Since the late 1990s, Canadian historian Tim Cook has carved out a niche in the field of First World War history. In his two-volume social history of the war, he spoke of a soldiers’ culture, which bound Canadians together on the battlefields and helped them cope with the immense stress and strain of war from 1914 to 1918. This year, published with Allen Lane, Tim released The Secret History of Soldiers, a book dedicated solely to this soldiers’ culture that has become his most significant contribution to our understanding of the First World War in Canada.
Tim speaks of a few of the aspects of this soldiers’ culture, including swearing, slang and material objects. At the end of the war, this culture did not necessarily disappear. In Legion halls and reunions, veterans recreated this culture in a civilian world, however temporary it might have been.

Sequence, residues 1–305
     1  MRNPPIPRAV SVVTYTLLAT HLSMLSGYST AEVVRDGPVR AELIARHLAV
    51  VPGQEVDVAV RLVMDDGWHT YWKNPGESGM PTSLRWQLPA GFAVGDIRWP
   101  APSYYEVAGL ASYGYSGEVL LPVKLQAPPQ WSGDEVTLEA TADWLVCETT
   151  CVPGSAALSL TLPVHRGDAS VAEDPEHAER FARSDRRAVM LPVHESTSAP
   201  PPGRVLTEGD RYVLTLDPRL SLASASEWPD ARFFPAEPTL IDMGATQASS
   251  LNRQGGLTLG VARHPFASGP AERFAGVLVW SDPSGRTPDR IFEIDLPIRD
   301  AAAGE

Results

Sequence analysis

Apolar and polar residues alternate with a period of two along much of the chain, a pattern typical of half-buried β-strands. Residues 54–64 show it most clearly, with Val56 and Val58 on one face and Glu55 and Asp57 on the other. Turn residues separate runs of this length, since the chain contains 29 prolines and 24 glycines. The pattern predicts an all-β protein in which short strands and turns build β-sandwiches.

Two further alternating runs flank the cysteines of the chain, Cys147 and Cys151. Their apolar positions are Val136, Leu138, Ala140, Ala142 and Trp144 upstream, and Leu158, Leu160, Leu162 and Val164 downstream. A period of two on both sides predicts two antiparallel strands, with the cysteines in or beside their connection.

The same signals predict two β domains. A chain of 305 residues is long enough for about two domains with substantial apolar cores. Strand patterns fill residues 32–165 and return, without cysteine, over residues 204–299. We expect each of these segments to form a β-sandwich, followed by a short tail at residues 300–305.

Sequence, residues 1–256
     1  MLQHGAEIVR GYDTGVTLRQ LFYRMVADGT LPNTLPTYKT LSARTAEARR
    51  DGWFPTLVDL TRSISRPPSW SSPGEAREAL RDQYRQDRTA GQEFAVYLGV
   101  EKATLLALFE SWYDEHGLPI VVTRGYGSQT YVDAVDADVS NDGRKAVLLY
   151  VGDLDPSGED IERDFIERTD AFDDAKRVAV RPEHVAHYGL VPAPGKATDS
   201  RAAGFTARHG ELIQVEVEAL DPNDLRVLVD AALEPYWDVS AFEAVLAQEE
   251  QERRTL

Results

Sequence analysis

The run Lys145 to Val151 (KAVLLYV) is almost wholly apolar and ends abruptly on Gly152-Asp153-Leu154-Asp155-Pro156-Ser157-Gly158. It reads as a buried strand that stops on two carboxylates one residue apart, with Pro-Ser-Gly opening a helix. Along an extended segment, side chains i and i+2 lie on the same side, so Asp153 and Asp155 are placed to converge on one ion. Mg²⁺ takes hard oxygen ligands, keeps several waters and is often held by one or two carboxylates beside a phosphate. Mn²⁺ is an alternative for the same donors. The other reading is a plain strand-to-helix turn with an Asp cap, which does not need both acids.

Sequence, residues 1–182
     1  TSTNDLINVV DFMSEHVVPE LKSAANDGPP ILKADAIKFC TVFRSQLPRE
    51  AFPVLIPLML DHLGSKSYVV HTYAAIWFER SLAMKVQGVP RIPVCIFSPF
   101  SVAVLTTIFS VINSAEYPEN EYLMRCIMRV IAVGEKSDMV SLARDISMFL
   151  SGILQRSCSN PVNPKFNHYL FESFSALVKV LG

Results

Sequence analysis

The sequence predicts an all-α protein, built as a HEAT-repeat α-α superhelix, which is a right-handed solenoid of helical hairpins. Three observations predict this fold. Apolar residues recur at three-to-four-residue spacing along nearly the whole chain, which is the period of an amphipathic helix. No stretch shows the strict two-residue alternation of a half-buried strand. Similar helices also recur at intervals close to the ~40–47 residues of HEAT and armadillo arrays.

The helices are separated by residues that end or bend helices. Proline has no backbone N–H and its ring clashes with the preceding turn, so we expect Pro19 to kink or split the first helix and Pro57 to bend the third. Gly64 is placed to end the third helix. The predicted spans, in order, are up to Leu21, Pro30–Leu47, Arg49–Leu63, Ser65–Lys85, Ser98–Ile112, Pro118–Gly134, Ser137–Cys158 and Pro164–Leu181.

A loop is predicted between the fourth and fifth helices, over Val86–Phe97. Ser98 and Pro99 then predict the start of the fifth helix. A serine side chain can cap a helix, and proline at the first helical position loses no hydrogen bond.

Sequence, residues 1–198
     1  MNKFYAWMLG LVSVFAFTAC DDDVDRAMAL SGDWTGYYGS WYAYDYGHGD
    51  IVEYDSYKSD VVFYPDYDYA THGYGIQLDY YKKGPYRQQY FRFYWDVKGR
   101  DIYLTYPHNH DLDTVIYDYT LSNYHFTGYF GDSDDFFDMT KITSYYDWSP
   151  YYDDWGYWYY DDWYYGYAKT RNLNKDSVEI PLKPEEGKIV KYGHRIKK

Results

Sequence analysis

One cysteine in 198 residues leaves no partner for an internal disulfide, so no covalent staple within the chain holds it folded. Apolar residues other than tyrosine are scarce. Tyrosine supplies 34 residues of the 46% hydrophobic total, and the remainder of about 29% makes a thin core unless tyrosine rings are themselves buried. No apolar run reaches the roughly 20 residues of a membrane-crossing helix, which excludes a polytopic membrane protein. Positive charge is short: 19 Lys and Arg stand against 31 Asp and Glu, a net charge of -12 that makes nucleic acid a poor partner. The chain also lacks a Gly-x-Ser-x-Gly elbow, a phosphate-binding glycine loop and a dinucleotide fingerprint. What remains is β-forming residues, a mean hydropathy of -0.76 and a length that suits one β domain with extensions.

Tim Cook is a historian at the Canadian War Museum. He is the author of 11 books, including Shock Troops, Vimy and most recently, The Secret History of Soldiers. Among many others, he is the recipient of the RBC Taylor Prize, J.W. Dafoe Prize (twice), Ottawa Book Award (twice) and the C.P. Stacey Award (twice). He was recently awarded the Queen’s Diamond Jubilee Medal and the Governor General’s History Award for Popular Media. He is a Member of the Order of Canada.
Tim Cook. “Battles of the Imagined Past: Canada’s Great War and Memory.” Canadian Historical Review 95, no. 3 (2014): 417–26.
——. The Secret History of Soldiers: How Canadians Survived the Great War. Toronto: Allen Lane, 2018.
——. Vimy: The Battle and the Legend. Toronto: Allen Lane, 2017.
Mark Humphries. “Between Commemoration and History: The Historiography of the Canadian Corps and Military Overseas.” Canadian Historical Review 95, no. 3 (2014): 384–97.
Amy Shaw. “Expanding the Narrative: A First World War with Women, Children, and Grief.” Canadian Historical Review 95, no. 3 (2014): 398–406.
Jonathan F. Vance. Death So Noble: Memory, Meaning and the First World War. Vancouver: UBC Press, 1997.